Russia says it's worried by the 'explosive' North Korea situation, saying even a simple human error could cause the crisis to spiral out of control.

UPDATED 10:48 AM - 26 Aug 2013

"Russia has to be worried as we are talking about an explosive situation in the immediate vicinity of our Far East borders," Deputy Foreign Minister Igor Morgulov told the Interfax news agency.

Mounting tensions have seen Pyongyang threaten missile and nuclear strikes against the United States and its ally South Korea in response to UN sanctions and joint military drills.

"In the current tense atmosphere, it would only need an elementary human error or technical problem for the situation to go out of control and plunge into a critical dive," Morgulov added.

Russia shares a short border with North Korea south of Vladivostok in its Far Eastern region but in the current crisis Moscow has steered clear of overt criticism of its neighbour.

"We urge all sides to refrain from any comments or actions which could further complicate the situation," said Morgulov.

In the latest escalation Wednesday, North Korea blocked South Korean entry to a key joint industrial zone that serves as a crucial source of hard currency for the isolated state.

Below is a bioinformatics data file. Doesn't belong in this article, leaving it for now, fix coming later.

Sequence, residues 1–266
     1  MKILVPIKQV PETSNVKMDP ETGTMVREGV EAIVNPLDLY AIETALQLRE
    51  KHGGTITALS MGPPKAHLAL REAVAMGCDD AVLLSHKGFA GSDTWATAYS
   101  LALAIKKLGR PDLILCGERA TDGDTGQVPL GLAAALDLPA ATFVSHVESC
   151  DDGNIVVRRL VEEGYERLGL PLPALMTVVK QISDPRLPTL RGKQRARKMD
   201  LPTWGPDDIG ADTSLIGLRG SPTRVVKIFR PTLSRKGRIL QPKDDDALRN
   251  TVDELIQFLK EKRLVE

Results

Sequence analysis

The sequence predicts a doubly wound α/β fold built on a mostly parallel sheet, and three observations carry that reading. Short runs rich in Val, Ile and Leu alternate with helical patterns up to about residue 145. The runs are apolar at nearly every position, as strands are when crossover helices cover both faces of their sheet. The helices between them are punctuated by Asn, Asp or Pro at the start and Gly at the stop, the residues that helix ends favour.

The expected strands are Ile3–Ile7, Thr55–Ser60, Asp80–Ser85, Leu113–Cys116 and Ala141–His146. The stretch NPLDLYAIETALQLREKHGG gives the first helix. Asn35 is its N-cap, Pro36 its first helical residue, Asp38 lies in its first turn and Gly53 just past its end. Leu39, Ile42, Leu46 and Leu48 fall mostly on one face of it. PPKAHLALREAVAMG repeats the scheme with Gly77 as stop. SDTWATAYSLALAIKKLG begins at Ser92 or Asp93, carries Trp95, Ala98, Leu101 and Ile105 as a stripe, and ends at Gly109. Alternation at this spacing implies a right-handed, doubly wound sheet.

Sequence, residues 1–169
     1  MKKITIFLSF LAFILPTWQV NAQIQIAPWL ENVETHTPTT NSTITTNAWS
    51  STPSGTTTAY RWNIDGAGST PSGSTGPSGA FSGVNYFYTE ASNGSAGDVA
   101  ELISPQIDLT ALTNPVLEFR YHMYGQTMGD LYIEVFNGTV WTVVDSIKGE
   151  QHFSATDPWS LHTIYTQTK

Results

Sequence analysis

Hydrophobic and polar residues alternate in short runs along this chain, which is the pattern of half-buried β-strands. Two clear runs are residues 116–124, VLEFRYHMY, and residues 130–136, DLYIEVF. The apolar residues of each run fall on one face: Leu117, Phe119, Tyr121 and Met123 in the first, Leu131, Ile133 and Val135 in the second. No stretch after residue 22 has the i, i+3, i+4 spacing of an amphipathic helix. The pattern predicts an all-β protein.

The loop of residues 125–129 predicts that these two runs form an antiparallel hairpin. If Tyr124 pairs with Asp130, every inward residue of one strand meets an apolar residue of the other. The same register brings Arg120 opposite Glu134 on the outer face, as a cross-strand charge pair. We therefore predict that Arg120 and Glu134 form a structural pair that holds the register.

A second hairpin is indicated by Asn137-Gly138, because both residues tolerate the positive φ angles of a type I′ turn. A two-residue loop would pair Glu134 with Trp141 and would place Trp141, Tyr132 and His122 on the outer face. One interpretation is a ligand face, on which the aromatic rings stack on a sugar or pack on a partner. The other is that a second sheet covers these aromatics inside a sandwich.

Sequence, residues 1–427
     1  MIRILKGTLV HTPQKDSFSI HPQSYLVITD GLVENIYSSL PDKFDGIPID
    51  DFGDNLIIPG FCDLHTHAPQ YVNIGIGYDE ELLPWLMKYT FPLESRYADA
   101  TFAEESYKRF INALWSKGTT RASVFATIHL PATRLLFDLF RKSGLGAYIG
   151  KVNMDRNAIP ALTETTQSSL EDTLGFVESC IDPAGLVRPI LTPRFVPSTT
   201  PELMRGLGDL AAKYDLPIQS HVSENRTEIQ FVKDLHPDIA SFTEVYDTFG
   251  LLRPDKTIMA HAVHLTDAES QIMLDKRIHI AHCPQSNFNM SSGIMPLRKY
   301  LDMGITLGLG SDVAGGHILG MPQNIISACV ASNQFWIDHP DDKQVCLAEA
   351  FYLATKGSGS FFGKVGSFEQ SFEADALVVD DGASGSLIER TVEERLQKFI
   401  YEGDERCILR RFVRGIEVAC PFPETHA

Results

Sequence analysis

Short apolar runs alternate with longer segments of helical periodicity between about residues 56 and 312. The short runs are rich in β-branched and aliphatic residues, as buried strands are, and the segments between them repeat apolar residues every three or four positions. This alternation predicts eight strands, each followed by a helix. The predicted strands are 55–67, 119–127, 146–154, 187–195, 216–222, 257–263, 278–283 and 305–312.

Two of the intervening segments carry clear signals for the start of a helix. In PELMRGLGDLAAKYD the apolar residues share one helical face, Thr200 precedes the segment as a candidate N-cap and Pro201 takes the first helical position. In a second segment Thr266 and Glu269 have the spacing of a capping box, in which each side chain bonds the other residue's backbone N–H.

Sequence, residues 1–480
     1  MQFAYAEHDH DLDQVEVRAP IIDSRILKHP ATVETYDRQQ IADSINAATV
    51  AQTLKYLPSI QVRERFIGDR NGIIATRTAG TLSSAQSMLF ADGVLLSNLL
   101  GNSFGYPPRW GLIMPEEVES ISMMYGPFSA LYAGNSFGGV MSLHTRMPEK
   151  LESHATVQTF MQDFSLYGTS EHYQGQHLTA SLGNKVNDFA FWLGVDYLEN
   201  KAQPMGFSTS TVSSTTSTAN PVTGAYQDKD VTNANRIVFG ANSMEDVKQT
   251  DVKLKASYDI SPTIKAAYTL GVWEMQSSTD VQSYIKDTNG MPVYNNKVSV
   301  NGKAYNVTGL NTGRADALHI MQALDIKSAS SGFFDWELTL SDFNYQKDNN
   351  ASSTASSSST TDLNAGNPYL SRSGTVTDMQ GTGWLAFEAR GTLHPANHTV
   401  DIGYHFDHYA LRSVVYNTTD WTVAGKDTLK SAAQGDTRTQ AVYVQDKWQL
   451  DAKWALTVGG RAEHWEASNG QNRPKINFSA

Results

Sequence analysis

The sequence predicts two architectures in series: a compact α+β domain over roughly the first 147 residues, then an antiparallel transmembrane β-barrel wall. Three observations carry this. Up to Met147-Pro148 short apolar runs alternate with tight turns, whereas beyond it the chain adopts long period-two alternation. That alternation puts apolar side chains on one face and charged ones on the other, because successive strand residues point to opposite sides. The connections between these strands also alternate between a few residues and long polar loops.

China appealed for "calm and restraint" on the Korean peninsula. "Under the current circumstances China believes that all parties should exercise calm and restraint," foreign ministry spokesman Hong Lei told reporters at a regular briefing, repeating Beijing's oft-declared position.

Vice-minister Zhang Yesui had met North Korea's ambassador on Tuesday, and those of South Korea and the United States, to express "serious concern over the situation in the peninsula", added Hong.

China urged that all sides "do not take provocative actions and should not take actions that would worsen the situation", he said. "We hope all parties look at the long term, engage in dialogue and improve their relations."

Beijing has been Pyongyang's sole major ally for decades and is its biggest trading partner, providing key energy supplies to the poverty-stricken nation.

Tensions on the peninsula have soared in over the past week, with Pyongyang announcing it would restart a nuclear reactor to feed its nuclear weapons programme.

On Friday it ordered missile units to standby, hours after nuclear-capable US B-2 stealth bombers were deployed in US joint military drills with South Korea.

Any move on the Seoul-funded Kaesong complex -- set up in 2004 and a vital source of hard currency for North Korea -- carries tremendous significance and the potential to send tensions mounting further.

Neither of the Koreas has allowed previous tensions to significantly affect Kaesong, the only surviving example of inter-Korean cooperation and seen as a bellwether for the stability of the peninsula.

The US on Tuesday called on China to do more to rein in North Korea, with White House spokesman Jay Carney telling reporters: "It is not a mystery to anyone that China has influence with North Korea.

"We have in the past and are now urging China to use that influence to try to affect North Korean behaviour."